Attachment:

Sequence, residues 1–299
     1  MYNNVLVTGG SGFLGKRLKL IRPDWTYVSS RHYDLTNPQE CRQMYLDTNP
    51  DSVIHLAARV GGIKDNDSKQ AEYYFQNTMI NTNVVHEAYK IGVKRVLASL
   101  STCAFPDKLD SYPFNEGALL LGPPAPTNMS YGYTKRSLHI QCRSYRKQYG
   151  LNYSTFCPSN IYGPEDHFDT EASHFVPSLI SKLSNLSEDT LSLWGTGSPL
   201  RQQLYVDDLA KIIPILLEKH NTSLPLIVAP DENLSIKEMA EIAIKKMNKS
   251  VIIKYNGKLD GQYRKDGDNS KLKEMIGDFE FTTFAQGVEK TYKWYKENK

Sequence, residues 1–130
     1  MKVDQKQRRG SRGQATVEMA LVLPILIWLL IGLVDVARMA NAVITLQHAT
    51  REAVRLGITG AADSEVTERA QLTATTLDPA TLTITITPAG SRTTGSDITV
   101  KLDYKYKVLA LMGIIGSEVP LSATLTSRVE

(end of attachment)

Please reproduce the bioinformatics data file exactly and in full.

Sequence, residues 1–299
     1  MYNNVLVTGG SGFLGKRLKL IRPDWTYVSS RHYDLTNPQE CRQMYLDTNP
    51  DSVIHLAARV GGIKDNDSKQ AEYYFQNTMI NTNVVHEAYK IGVKRVLASL
   101  STCAFPDKLD SYPFNEGALL LGPPAPTNMS YGYTKRSLHI QCRSYRKQYG
   151  LNYSTFCPSN IYGPEDHFDT EASHFVPSLI SKLSNLSEDT LSLWGTGSPL
   201  RQQLYVDDLA KIIPILLEKH NTSLPLIVAP DENLSIKEMA EIAIKKMNKS
   251  VIIKYNGKLD GQYRKDGDNS KLKEMIGDFE FTTFAQGVEK TYKWYKENK

Sequence, residues 1–130
     1  MKVDQKQRRG SRGQATVEMA LVLPILIWLL IGLVDVARMA NAVITLQHAT
    51  REAVRLGITG AADSEVTERA QLTATTLDPA TLTITITPAG SRTTGSDITV
   101  KLDYKYKVLA LMGIIGSEVP LSATLTSRVE